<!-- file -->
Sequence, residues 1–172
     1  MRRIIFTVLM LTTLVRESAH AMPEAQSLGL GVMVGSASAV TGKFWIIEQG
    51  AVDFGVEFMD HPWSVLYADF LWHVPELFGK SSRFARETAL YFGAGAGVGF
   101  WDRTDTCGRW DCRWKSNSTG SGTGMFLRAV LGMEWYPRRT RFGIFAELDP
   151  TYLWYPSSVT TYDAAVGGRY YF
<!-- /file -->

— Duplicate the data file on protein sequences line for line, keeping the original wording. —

Sequence, residues 1–172
     1  MRRIIFTVLM LTTLVRESAH AMPEAQSLGL GVMVGSASAV TGKFWIIEQG
    51  AVDFGVEFMD HPWSVLYADF LWHVPELFGK SSRFARETAL YFGAGAGVGF
   101  WDRTDTCGRW DCRWKSNSTG SGTGMFLRAV LGMEWYPRRT RFGIFAELDP
   151  TYLWYPSSVT TYDAAVGGRY YF